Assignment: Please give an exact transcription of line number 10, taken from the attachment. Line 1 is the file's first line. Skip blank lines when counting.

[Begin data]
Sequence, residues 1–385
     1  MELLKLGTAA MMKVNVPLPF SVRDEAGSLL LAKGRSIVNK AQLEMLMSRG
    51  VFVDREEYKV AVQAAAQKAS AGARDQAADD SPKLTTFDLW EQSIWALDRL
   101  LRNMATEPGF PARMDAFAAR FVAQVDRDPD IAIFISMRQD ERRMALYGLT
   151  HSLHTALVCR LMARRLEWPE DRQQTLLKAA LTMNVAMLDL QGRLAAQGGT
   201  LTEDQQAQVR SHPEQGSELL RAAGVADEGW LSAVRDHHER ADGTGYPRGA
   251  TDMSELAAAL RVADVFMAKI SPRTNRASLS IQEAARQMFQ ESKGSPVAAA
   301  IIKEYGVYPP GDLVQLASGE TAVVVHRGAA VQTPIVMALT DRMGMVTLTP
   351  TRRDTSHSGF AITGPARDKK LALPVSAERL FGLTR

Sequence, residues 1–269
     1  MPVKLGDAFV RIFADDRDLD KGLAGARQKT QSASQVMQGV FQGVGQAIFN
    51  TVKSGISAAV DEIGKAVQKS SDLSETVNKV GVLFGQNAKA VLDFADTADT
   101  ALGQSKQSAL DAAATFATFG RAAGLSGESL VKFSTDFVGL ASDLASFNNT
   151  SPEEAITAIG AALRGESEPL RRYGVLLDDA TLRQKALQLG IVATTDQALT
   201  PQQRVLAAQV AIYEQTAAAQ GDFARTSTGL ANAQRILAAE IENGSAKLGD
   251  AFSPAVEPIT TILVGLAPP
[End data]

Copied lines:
Sequence, residues 1–269